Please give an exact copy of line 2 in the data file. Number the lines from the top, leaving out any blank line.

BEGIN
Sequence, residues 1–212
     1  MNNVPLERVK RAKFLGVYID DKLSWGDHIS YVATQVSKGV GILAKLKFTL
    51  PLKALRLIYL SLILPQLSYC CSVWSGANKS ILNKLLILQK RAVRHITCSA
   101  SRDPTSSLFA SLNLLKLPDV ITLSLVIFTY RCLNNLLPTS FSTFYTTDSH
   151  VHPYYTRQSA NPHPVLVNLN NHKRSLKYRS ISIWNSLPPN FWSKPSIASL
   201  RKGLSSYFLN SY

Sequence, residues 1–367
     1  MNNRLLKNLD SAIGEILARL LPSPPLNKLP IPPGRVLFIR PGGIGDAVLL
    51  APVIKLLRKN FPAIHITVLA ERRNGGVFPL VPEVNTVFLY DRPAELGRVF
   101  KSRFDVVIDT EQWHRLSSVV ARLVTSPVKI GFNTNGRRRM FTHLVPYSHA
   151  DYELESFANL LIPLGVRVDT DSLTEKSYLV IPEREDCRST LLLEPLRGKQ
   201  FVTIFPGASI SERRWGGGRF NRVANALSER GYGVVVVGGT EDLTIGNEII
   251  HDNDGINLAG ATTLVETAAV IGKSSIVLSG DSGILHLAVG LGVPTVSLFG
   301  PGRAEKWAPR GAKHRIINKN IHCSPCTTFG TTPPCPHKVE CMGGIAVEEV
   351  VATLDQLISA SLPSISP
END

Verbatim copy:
     1  MNNVPLERVK RAKFLGVYID DKLSWGDHIS YVATQVSKGV GILAKLKFTL